All artists know the anxiety of approaching galleries and their staffs of apparently fallen aristocrats, so it’s great to see some gallerists, curators, and arts administrators, themselves touched by Kandinsky’s “inner necessity,” nourishing their own creative spark after business hours. Double Exposure at Blankspace Gallery presents ten such professionals who are less well-known as artists, though undeservedly (such are the dilemmas of the multiple-hatted). Exhibiting here are: Kevin Chen (Intersection for the Arts, SF), Jen Elia (Fleetwing Gallery, Lambertville, New Jersey), Narangkar Glover and Peter Glover (Rowan Morrison Gallery, Oakland), Eleanor Harwood (Eleanor Harwood Gallery, SF), Daniel Healey (LoBot Gallery, Oakland; Autobody Fine Art, Alameda; 314 15th St. Gallery, Oakland), Carrie Lederer (Bedford Art Gallery, Walnut Creek), Michelle Mansour (Root Division, SF), Nicole Neditch (Oakland Art Gallery; Mama Buzz Gallery, Oakland), and Margaret Tedesco (2nd Floor Projects, SF).
Perhaps unsurprisingly, the artworks here reflect current trends: the use of vernacular materials and found objects; the sense of unknowable mystery; an idiosyncratic and sometimes playful eclecticism informed by both abstraction and conceptualism. Chen’s drawings (both entitled “The View from There”) seem initially to be minimalist works, but seen up-close, they reveal intricate drawings of houses lining their bottom edges like train cars. Elia’s paintings, similarly, seem to fall within a familiar mode (abstraction, here), but she includes written internal monologues that turn them into visual/verbal diaries. Narangkar Glover’s paintings, too, resemble abstract landscapes, but they’re based on her remembered observations of surgical procedures. The oddly named drawings and assemblages of Peter Glover (e.g., “Time-Wasting Machine #11”) take as their theme the collection of miscellaneous stuff and their incorporation into art. Harwood’s “Bower Bird” appears straightforwardly naturalistic at first, but this bird has strange collecting and decorating proclivities, rather like the flocks gathering elsewhere on First Thursdays or Fridays. Healey constructs collages of dumplike landscapes from scraps of taped-together imagery into a wryly humorous time-capsule environmentalist art. The poetic visual gardens that Lederer draws and paints and assembles seem infinite and scaleless. Mansour constructs elegiac nearly monochromatic abstractions suggestive of beads or pearls, or biological structures like blood cells. Neditch depicts figures from some imagined fairytale or ballet (“Mary and the Cow,” “Language of the Birds”) and lets us write the narratives. Finally, Tedesco memorializes things she’s collected: a 1976 Newsweek cover with Patty (Tania) Hearst; a photo-booth snapshot; a vintage shot of Vietnam-era draftees, now, forty years later, posterized.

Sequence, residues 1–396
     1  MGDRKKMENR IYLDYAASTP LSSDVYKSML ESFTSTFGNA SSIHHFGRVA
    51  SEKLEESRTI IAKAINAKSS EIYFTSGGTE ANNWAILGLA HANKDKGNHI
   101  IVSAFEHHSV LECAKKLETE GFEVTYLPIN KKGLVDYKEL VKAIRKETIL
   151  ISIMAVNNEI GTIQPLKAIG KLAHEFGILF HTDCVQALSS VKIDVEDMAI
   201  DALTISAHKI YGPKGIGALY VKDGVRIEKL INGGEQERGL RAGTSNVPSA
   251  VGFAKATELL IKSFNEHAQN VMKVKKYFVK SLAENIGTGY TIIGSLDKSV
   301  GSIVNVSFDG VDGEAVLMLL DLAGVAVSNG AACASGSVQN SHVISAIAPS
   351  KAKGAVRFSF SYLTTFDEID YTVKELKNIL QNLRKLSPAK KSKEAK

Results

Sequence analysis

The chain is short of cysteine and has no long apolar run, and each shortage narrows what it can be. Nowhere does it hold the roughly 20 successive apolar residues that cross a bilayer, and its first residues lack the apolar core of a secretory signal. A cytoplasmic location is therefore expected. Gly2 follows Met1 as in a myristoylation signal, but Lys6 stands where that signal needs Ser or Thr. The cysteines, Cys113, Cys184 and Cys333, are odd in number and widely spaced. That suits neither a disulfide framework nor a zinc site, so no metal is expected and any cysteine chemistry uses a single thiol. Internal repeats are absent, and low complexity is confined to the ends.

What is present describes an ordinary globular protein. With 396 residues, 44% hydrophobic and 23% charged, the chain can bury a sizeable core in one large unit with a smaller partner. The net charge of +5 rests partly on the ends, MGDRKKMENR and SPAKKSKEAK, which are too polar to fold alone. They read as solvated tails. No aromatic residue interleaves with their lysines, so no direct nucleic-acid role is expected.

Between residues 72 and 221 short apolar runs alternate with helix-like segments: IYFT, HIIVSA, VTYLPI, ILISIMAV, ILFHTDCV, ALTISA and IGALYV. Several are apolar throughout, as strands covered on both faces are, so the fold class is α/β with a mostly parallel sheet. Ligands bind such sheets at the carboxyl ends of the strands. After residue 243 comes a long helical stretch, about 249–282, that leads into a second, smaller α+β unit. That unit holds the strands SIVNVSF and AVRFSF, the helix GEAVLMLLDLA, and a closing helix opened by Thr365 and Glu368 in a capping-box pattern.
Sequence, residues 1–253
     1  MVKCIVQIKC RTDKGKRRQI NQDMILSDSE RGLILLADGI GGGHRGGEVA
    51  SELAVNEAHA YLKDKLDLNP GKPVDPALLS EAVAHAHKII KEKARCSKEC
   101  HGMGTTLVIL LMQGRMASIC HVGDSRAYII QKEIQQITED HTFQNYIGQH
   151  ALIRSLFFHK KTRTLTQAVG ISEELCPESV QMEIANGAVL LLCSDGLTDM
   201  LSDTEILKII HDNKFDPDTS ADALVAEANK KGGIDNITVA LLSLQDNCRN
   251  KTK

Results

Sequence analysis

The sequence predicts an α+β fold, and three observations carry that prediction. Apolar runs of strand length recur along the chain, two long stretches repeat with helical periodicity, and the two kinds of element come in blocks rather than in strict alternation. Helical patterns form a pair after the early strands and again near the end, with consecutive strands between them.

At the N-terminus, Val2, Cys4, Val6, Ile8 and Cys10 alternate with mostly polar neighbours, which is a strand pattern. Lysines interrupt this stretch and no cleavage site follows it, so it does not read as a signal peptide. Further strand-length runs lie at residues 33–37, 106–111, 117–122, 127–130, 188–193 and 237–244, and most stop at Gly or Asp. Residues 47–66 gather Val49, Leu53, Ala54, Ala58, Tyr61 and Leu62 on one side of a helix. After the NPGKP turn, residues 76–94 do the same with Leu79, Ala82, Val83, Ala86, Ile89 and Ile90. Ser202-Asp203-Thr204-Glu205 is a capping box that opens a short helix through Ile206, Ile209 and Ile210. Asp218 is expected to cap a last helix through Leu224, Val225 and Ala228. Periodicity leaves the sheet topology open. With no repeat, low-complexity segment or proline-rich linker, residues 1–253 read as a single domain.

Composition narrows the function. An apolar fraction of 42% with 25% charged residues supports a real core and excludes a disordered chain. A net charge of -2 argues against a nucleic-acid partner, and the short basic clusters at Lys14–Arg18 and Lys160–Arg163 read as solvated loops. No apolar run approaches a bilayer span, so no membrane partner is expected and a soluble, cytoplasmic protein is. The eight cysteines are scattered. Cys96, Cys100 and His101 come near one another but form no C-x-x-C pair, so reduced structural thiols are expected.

Double Exposure runs through November 17 at Blankspace Gallery (6608 San Pablo Ave., Oakland). BlankspaceGallery.com.